My universe has shrunken. It happened gradually, without me noticing.
Parties, trips, Shabbatons with friends, all are distant memories. Shopping in the mall, praying at the Kotel, I do them alone, now.
Theoretically, I do have friends. There is even one hour each day, a sixty minute gap before their husbands get home from Kollel, when I can actually see them. The rest of the time, they are "phone friends". Great for giving as references, ever ready to gush about how close we are, but not much use for my social life.
"I don't need new friends," I tell myself. "I just need to get married, and I'll be back on the sane terrain as them."
But I've been saying that line for a few years now. It's not enough, any more.
I want a world, I want to be part of society again.
I try going to Shiurim, to the gym and the pool. To Melava Malkas and Kidduses. Everywhere I'm the only bare head, surrounded by scarves and Sheitels. No best friends in the making there. I learn to adjust my conversation to babies' sleep cycles, and the best strollers. Films and shows are of no interest, because who can find a babysitter, anyway?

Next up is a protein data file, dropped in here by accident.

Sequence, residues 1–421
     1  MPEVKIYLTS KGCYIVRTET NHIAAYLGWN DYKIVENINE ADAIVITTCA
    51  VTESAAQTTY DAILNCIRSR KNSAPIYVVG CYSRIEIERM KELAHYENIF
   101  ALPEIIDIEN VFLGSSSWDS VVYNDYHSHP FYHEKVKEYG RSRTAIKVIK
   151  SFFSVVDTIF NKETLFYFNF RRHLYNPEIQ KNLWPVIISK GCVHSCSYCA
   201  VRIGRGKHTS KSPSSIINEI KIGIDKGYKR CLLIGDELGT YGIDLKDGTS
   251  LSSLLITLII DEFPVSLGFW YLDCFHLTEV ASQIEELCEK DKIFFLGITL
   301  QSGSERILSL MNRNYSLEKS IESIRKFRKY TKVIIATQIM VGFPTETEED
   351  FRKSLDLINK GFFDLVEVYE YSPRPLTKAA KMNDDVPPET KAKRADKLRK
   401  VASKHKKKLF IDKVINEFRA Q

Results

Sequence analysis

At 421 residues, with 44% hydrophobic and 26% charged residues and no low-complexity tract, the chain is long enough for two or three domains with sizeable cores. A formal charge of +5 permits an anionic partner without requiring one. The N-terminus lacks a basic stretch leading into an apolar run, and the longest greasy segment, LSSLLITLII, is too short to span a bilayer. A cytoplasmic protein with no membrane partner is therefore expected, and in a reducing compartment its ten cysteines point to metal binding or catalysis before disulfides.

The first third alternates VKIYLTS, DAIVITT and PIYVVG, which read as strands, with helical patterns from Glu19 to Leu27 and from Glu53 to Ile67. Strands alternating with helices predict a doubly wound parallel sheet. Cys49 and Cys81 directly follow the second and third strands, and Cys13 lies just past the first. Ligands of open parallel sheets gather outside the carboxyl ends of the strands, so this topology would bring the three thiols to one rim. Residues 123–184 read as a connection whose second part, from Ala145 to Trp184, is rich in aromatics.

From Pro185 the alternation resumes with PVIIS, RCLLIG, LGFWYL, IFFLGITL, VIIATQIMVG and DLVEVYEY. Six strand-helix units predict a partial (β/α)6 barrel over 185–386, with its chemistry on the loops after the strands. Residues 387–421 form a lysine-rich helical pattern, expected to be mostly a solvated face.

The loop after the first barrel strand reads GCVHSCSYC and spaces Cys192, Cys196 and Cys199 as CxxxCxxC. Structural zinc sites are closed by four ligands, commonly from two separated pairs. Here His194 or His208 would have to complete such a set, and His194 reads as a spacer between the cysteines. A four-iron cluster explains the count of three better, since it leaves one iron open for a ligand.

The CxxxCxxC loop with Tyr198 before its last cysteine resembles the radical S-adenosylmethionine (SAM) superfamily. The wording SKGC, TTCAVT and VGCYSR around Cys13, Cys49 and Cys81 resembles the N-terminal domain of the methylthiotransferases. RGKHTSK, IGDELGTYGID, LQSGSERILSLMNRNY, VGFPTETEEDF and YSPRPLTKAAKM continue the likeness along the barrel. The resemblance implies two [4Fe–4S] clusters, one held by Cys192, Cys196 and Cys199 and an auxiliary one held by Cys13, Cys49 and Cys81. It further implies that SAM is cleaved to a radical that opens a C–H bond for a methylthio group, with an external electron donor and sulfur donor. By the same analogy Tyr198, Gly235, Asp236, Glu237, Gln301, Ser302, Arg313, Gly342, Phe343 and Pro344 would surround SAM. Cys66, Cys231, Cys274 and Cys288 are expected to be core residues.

I've discovered a place, a society, where I can belong. Where I don't need to make excuses. I sit at the wide wooden table. Around me are women my age. There is one scarf, that's it. The rest have long hair, flowing down their backs. It feels so good. I fit in. I'm normal once more. I lean back and listen to the Shiur.
But there's one problem. There are men there too. It's a hang out scene. It's modern, it's mixed. I shouldn't be there.
"The longer a girl stays single, the more modern she becomes." someone once told me. With a boy it's the opposite, he stays in Yeshiva, he becomes Frummer, Shtarker. But the girls are out in the world, and it affects them."
I didn't understand her, didn't want to believe her. "That won't happen to me", I swore. "I'm not going to change. I'm Frum."
And indeed I was. I kept it all. I believed in it too.
But it wasn't enough to stay the same. I should have moved on, to the next stage.
I've lost my place, and am yet to find a new one. And my society, Chareidi society, has no answers. It's not that single girls leave the Chareidi world, it's that society leaves them, leaves them behind. And so they look elsewhere. Maybe I should, too.
4 days ago